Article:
- New on the list of "do not bring": meat and cheese. I got an official warning letter about my little package of beef jerky; they let the cheese curds in after inspection, but seemed kind of iffy about them.
- Many of the more complex ticket machines are now touch screen and have multiple languages available.
- Many/most of the train ticket vending machines now have PASMO/Suica/ICOCA/etc "IC" cards; no more having to ask "スイカは買いますか？" of random kiosk dwellers.
- Data SIM cards are now widely available! You can't make phone calls or send SMSes, but you can at least have internet data. (BrasTel claims to have a VOIP app you can use with their SIMs to call locally, but I haven't tried it.) I suggest buying from Yodobashi Camera or Bic Camera rather than from one of the airport kiosks or vending machines; they're far cheaper, and depending on your particular model of phone, some networks may have many more usable bands than others. (I got the IIJ SIM, 1GB/30 days, for around 2200円. One big caveat is that while you can recharge the SIM for more data, you can't extend the time period.)
- If you don't want to get a data SIM, there are lots of free WiFi points around... but you have to register with them each and every time; it's supremely annoying, and bad enough that there's even a "Japan Wi-Fi" app that automates things slightly.
- The little map books are now less useful, since everybody uses their smartphone or navitime or whatever, and the curation of landmarks on the maps seems to have gotten worse. This is especially unfortunate, because...
- Gmaps can be really really sketchy, especially if your phone isn't set to use Japanese by default. In Kyoto, things seem to be extra bad. it randomly boops around your location AFAICT (even if you have local data and WiFi). Even worse: by default, about half the Japanese map entries are transliterated into English, but sometimes they're wrong. For instance, gmaps told me to exit at Karasuma Mujo Bus Stop. That's all well and good, but it's actually Karasuma Rokujo Bus Stop; in Japanese, they would both be written as 烏丸六畳 - but gmaps only shows the English for me, not the Japanese.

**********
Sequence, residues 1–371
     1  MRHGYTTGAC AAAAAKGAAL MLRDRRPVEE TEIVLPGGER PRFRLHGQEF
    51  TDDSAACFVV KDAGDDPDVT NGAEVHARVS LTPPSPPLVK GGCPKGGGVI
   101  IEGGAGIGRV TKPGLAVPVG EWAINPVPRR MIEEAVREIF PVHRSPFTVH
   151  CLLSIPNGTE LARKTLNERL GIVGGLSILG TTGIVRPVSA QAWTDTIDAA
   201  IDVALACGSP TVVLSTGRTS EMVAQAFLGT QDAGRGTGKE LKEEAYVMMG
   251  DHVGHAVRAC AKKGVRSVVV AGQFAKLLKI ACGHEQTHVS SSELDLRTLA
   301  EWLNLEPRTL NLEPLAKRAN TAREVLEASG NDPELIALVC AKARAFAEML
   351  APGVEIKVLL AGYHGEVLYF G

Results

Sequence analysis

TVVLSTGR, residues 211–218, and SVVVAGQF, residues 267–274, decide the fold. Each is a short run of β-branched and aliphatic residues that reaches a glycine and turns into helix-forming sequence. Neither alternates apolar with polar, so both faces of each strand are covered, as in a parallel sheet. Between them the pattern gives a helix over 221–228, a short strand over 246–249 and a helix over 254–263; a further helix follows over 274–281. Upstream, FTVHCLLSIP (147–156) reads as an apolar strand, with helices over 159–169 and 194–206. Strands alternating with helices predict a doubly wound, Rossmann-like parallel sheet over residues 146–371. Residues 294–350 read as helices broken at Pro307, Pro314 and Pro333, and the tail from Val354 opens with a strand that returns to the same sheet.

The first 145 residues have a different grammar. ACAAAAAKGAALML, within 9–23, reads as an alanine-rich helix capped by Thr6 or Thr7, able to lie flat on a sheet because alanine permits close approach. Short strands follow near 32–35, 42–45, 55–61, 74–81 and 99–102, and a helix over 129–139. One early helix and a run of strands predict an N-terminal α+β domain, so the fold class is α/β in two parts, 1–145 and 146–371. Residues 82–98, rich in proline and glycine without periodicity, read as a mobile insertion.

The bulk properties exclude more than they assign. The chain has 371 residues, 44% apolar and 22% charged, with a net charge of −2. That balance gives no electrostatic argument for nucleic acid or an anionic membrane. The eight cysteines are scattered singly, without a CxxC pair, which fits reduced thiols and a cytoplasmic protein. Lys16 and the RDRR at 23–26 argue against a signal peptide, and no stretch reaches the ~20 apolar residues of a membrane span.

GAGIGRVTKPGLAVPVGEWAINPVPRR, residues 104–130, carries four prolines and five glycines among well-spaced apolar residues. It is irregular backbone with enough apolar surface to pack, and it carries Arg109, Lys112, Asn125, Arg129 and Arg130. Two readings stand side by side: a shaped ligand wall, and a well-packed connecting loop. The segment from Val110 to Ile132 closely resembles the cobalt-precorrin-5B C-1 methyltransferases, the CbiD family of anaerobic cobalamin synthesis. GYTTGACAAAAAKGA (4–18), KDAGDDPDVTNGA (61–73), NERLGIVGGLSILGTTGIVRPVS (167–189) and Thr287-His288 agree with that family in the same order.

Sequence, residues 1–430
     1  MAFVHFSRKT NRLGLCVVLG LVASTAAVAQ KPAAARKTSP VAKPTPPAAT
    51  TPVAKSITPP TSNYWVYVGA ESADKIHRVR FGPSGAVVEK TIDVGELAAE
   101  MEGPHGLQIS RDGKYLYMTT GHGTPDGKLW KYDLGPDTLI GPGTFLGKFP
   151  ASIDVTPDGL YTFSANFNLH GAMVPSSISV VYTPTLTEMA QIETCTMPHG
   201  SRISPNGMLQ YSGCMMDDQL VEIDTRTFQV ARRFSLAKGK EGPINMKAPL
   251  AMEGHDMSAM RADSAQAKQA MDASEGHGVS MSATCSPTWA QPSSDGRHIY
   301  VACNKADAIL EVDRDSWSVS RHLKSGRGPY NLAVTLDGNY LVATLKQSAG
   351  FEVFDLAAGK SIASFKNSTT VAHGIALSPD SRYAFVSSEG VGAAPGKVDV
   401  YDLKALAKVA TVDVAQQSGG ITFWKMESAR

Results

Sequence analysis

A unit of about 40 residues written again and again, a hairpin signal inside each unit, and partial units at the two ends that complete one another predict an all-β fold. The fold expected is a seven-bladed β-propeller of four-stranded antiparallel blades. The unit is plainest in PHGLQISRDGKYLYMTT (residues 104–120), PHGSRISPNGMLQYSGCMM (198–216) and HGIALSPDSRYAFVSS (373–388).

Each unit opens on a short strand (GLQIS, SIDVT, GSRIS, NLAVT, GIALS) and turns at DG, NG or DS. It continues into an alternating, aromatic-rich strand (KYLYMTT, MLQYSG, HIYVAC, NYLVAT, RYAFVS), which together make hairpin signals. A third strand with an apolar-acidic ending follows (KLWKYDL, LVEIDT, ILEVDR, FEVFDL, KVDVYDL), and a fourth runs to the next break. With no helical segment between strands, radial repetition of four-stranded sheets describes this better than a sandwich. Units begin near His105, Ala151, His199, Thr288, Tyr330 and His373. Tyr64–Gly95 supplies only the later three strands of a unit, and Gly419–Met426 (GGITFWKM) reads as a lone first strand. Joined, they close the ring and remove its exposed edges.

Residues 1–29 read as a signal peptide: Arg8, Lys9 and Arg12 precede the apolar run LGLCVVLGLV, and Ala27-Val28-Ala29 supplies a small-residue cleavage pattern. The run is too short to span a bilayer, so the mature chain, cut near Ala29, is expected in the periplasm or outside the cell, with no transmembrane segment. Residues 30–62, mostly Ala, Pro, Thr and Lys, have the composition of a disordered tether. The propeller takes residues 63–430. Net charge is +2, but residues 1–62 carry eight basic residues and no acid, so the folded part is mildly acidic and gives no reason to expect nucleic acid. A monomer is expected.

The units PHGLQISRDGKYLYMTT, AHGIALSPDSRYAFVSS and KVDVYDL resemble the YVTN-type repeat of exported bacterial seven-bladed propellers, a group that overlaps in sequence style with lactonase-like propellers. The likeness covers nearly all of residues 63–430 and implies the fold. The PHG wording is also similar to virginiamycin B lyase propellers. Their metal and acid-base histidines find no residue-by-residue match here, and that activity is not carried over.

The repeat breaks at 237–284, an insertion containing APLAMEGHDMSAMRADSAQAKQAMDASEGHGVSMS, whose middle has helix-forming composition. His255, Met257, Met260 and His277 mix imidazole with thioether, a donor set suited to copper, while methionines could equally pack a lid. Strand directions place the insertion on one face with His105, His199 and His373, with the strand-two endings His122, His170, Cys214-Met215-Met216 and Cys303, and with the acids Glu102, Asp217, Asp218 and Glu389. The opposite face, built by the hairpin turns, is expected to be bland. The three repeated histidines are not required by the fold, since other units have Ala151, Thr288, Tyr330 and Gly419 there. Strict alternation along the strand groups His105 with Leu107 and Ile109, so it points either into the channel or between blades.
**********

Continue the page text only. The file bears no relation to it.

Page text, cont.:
In addition, searching in maps in English can be very problematic. If you search for a generic thing (e.g. "coffee") sometimes it'll get the category of shop wrong, whereas searching for the term in Japanese (i.e. "コーヒー") is much more reliable. Sometimes businesses will show up with localized or transliterated names; sometimes they won't; sometimes they'll use "kunrei-shiki" so they won't appear at all like you expect. An example of the last one: there's an onsen in Kyoto, 天翔の湯. This would most often be transliterated as "tenshou no yu". What gmaps shows is "tensyonoyu" - which is both a combination of kunreishiki and wrong - proper kunreishiki would be "tensyounoyu".
Entering the specific address is still the most reliable method, alas.
- Japanese maps are often Not What You Think. I've previously mentioned about how the orientation of the map is usually "the way you are facing is up on the map", but that's usually pretty straightforward to figure out. The more complex situation is that of multiple connected buildings and maps of those. Usually, if there's a map it'll only list out the businesses/spaces that are in the particular building owner's area. So, if you're in an underground area where the subway abuts a shopping mall owned by one company and a second mall from another, the map may a) depict all the physical concurrent space but only show the shops for the current area; b) only show/list the building owner's space; c) show the current building AND the subway train area; d) some other variation. You are expected to know what the delineation between areas is, and many times that isn't obvious at all.